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November 30, 2009 | Michael Hiltzik
The first memory Emile Haddad has of what would become the site of the Orange County Great Park and the location of his biggest development project dates from 1986, not long after he and his family fled their home in Lebanon. Then it was still the El Toro Marine Corps Air Station, and as he tried to make a phone call from the roadside the quiet was shattered by the sound of an F/A-18 fighter jet screaming overhead. Haddad, 51, had grown up amid the nearly constant bloodshed of a sectarian Beirut, and his first instinct was to hit the ground.
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OPINION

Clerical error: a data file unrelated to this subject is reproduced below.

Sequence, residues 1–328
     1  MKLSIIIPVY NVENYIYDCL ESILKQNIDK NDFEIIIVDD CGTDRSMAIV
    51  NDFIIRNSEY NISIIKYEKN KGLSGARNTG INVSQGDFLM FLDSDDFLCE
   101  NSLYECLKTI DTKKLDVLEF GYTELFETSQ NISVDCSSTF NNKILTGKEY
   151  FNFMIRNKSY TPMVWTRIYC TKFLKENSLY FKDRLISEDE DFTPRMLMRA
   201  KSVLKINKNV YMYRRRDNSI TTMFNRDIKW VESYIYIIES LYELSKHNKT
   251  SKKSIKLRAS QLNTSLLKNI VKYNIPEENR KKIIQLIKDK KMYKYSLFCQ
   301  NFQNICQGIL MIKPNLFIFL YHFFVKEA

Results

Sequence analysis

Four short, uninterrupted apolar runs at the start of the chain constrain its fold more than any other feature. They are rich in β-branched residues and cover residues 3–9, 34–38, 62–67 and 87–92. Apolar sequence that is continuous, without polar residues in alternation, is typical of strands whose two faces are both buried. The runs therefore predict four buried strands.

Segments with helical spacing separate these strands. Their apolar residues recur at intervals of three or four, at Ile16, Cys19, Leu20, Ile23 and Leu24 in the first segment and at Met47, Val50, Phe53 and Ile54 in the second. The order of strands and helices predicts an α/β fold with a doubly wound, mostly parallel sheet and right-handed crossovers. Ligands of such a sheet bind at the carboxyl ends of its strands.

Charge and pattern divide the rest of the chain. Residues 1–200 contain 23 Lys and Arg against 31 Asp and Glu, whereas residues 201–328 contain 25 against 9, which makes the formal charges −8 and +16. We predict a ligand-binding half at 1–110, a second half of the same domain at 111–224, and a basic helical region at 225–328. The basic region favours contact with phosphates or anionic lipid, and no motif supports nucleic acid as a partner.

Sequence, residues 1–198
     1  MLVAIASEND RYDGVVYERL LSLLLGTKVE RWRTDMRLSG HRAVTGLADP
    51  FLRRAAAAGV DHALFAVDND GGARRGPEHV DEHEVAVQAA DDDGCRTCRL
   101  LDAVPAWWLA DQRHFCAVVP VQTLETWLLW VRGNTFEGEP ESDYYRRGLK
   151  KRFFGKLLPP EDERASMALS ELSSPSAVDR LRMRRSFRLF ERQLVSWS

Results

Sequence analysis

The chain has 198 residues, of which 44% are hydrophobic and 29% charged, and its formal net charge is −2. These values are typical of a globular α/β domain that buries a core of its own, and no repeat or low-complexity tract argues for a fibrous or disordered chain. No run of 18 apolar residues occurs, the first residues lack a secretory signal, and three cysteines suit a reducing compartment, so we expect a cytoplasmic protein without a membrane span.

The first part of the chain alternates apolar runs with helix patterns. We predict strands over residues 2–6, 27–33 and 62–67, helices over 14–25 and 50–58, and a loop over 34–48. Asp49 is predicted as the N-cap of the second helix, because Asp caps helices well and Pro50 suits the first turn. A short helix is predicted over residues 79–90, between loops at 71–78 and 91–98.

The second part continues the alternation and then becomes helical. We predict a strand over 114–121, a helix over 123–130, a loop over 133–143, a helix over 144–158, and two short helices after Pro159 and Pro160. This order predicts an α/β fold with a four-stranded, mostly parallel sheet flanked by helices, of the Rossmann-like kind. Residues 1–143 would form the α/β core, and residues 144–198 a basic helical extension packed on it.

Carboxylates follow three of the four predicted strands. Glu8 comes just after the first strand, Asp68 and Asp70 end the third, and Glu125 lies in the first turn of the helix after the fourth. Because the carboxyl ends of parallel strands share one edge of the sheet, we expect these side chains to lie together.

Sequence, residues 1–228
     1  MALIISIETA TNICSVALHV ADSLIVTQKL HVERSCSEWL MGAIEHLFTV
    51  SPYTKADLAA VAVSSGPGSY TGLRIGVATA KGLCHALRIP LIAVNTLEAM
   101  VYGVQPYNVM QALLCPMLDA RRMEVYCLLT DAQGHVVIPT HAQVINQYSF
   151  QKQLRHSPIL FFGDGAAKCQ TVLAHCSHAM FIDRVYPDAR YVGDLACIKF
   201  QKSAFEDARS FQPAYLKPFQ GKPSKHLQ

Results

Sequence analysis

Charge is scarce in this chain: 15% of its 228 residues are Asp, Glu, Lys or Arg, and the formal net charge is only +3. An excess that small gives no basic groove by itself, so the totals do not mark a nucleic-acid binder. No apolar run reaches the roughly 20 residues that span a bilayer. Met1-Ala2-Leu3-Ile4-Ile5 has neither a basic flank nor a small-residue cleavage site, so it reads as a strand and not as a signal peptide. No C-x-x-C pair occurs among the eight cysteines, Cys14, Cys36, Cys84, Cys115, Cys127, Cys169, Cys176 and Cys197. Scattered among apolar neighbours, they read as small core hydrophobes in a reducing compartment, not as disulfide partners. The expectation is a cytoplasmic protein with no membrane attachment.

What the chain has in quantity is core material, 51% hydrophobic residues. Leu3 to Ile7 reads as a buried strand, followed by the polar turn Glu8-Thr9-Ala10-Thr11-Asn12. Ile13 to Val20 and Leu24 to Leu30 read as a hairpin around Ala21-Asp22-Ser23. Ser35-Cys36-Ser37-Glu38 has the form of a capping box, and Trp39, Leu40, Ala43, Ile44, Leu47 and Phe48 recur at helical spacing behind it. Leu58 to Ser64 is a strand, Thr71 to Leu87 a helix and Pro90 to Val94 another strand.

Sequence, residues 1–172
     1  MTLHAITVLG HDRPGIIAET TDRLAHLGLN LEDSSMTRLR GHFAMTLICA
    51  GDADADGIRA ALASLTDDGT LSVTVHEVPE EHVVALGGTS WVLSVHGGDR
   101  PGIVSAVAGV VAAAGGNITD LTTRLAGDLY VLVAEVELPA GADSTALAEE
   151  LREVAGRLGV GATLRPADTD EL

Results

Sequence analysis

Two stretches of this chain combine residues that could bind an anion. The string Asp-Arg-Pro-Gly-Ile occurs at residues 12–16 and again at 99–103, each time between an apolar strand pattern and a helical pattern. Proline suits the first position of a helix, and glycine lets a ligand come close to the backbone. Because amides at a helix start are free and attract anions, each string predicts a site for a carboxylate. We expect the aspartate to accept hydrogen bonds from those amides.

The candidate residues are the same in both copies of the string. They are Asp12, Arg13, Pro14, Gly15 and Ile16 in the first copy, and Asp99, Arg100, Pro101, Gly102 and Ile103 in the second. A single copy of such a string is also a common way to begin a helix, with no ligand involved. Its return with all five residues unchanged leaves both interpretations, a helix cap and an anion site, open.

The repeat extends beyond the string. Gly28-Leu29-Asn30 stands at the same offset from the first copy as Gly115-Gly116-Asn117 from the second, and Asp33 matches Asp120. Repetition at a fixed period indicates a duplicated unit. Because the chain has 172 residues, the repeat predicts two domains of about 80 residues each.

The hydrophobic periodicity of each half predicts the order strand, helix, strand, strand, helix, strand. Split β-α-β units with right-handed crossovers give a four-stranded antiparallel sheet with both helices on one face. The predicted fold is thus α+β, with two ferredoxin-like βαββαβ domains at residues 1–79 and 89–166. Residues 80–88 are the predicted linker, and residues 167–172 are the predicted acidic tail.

May 21, 2011 | Jim Newton
In Southern California, there's nothing like a very large piece of real estate to cause discord. And the former El Toro Marine Corps Air Station is nothing if not a large piece of real estate. Ever since the military decided to unload the base in the 1990s, Orange County residents have been bickering over what to do with the land, and the decision in 2005 to turn it into the Great Park hasn't ended the conflict. But first the history. Even before the military moved out, county residents divided into two bitterly opposing camps: those who supported using the site for a commercial airport and those who envisioned it as a vast and impressive park.
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CALIFORNIA | LOCAL
February 24, 2000 | Young Chang, (714) 520-2506